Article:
The Cambridge History of English and American Literature in 18 Volumes (1907–21).
Volume XII. The Romantic Revival.

XII. The Oxford Movement

§ 3. Tracts for the Times

The first of the tracts was Newman’s own, Thoughts on the Ministerial Commission, respectfully addressed to the Clergy; and all the early tracts sounded the same notes of stress and danger and appeal. Other writers joined, some of them men of great power, and worthy to be leaders in a great cause; but perhaps in Newman and Froude alone was there the indubitable touch of real genius. Of Froude, those who knew him best said, when he had passed away, before the movement had reached more than its initial stages, that “men with all their health and strength about them might gaze on his attenuated form, struck with a certain awe of wonderment at the brightness of his wit, the intenseness of his mental vision, and the iron strength of his argument.” His Remains (1838 and 1839) show the daring of his spirit, the directness, if narrowness, of his vision and the sympathy with which he appreciated the history of the church’s past. His analysis and summary of the letters of Becket is remarkable for the time at which it was written and has not a few points of enduring value. In 1834, the tract writers were joined by Edward Bouverie Pusey, regius professor of Hebrew since 1828, a scholar of eminence who was already of great weight in the university and the church. Newman said of his accession to the movement that “he was able to give a name, a fame, and a personality to what was without him a sort of mob.” Tract no. 18, Thoughts on the Benefits of the System of Fasting enjoined by our Church was issued with his initials. Isaac Williams, who was with him and Newman when it was agreed that he should contribute, says that the initials were added to show that he was in no way responsible for the other tracts; but the Record newspaper took them as showing his sanction, and the nickname “Puseyite” was soon affixed to all the writers and their friends, and it stuck.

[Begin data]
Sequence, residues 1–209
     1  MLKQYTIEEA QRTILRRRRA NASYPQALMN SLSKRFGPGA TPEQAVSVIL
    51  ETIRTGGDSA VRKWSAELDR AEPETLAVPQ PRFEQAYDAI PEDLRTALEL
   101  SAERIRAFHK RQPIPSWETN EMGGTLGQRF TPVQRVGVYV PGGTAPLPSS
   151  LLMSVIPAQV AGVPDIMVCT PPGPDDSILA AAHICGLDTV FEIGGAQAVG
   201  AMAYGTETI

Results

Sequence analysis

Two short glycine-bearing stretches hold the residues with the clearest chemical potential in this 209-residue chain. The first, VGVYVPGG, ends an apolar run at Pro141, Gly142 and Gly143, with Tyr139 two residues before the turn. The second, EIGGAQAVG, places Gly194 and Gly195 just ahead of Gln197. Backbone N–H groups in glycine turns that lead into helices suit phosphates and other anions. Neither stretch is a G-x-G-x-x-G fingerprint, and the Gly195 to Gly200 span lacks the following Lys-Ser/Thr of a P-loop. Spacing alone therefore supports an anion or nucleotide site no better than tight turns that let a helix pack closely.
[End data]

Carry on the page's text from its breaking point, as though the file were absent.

The tracts were now well launched, and those who wrote them were a coherent body, with common aims and something of a common style in English writing: intensely serious, unaffected, without the slightest ornament or rhetoric, but dignified and, in later issues, reflecting in the language the weight and elaboration of the argument. John William Bowden, William Palmer, Arthur Philip Perceval, Isaac Williams were others who added each a distinctive character to the general impression; and the last of these was a genuine poet and the master of a singularly limpid and attractive prose style.